AIDS and Condoms: an Ongoing Debate
John Kleinsman and Michael McCabe
Issue 18, April 2006
It has been estimated that the Catholic Church provides approximately 25% of the total care given to those infected with HIV-AIDS, making it a major partner in the fight against this disease. Catholic organisations have also been at the forefront of campaigns to ensure that the infected have access to essential drugs at an affordable price.
Many agencies involved in the campaign for prevention of HIV-AIDS actively advocate safe sex or safer sex through condom use as a primary means of reducing the risk of HIV transmission. Research data shows that this strategy has been effective in lowering the spread of HIV-AIDS when it has been part of a broader effort to influence behaviours.
Catholic agencies, however, have consistently refused to distribute condoms. Instead, they have promoted chastity in the form of abstinence and/or marital fidelity as the best way of preventing further spread of the AIDS pandemic. The practical wisdom of this approach has generated widespread criticism from outside of the Church, and both support and criticism from those inside the Church.
More recently a number of prominent Catholic voices, including bishops and theologians, have entered the debate in an attempt to either defend or to provide a more nuanced interpretation of the Church's stance. The question most often being asked is whether the Catholic Church should revisit its position on condoms.
In response to this question, it first needs to be noted that the Vatican does not have an official position on the use of condoms in AIDS prevention. Cardinal Javier Lozano Barragan, head of the Pontifical Council for Health Pastoral Care is one of many who have explicitly noted that there has been no definitive papal statement on the subject. Neither is the matter commented on in the Catechism of the Catholic Church. Some individuals have made remarks, but that is not the same as an official position," 
It is interesting to note that outside of Catholic circles it is becoming increasingly acknowledged that permissive and irresponsible behaviours must be addressed if any real impact is to be made on the spread of HIV infection. An article published in the Lancet (27 Nov 2004) by a group of medical experts notes that when campaigns target young people who have not yet initiated sexual activity, the first priority should be to encourage abstinence or delay of sexual onset, hence emphasising risk avoidance as the best way to prevent HIV and other sexually transmitted infections as well as unwanted pregnancy. While the article supports condom use, it also points out that for those already involved in sexual activity, returning to abstinence or being mutually faithful with an uninfected partner are the most effective ways of avoiding infection.
At the same time, it is a feature of the current Catholic debate over the use of condoms that an increasing number of senior Catholic leaders have publicly stated their belief that restricted condom use may be justifiable in faith based HIV prevention work. These leaders include Cardinal Barragan, Cardinal Danneels of Brussels, Cardinal Georges Cottier (theologian to the papal household), Cardinal Christian Tumi of Cameroon, Archbishop Boniface Lele of Kenya, Bishop Kevin Dowling of South Africa, Bishop Filipe Arizmendi of Mexico, Bishop Juan Antonio Martinez Camino of Spain and most recently Bishop Gilles Cote of Papua New Guinea.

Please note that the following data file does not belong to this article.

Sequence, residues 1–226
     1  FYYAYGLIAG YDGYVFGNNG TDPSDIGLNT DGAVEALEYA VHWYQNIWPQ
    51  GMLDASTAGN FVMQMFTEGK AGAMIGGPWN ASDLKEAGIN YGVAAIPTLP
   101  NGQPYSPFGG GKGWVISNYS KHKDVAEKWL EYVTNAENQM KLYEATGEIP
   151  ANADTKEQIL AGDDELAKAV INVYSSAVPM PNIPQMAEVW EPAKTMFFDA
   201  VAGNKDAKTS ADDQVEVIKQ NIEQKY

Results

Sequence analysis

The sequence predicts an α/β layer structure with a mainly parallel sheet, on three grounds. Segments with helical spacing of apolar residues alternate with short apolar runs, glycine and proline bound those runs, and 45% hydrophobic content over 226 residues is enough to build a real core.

The comments made by these leaders - and some moral theologians have generally focused on two moral questions: (i) whether or not married couples might legitimately use condoms when one partner is HIV positive and the other is not (statistics show that worldwide most HIV positive women have been infected by their monogamous, life-long partner) and (ii) whether condoms should be used by those engaging in extra-marital sex.
Responding to the first question, Cardinal Barragan has offered his personal view that the use of condoms may be justified as an act of self-defence. If an infected husband wants to have sex with his wife who isn't infected, then she must defend herself by whatever means necessary.  Other theologians have expressed the opinion that condom use is justified as a form of health protection. Describing the issue as a conscience one reserved to the couple themselves, the South African Bishops' Conference have written: They are the only ones who can choose the appropriate means, in order to defend themselves against the infection. Decisions of such an intimate nature should be made by both husband and wife as equal and loving partners.  In a similar vein, Bishop Kevin Dowling, drawing on Humanae Vitae, the 1968 encyclical that condemns artificial contraception but supports the use of oral contraceptives for the medical purpose of controlling menstrual bleeding, sees it as providing a moral precedent for married couples to use a condom. Dowling has been quoted as saying that when used to protect against AIDS, condoms are not being used as a contraceptive.
On the question of those engaging in extra-marital sex, there is unanimous agreement by Catholics that such activity is immoral. Nevertheless, while adamant that chastity is the best way to prevent AIDS and HIV infection, Danneels, and others, note that failure to use a condom by someone who is HIV positive merely adds the sin of the fifth commandment (thou shalt not kill) to the sin against the sixth commandment (thou shalt not commit adultery).